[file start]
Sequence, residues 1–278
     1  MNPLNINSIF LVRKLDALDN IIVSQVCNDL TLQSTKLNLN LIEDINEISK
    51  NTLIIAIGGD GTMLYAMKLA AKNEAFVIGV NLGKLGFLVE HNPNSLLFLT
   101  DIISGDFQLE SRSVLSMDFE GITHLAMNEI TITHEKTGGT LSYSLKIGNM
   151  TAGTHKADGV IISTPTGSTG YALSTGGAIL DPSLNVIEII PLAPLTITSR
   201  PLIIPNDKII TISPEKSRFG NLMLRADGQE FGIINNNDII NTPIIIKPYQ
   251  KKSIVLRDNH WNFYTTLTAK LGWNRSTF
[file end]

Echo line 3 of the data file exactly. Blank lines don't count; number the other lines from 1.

    51  NTLIIAIGGD GTMLYAMKLA AKNEAFVIGV NLGKLGFLVE HNPNSLLFLT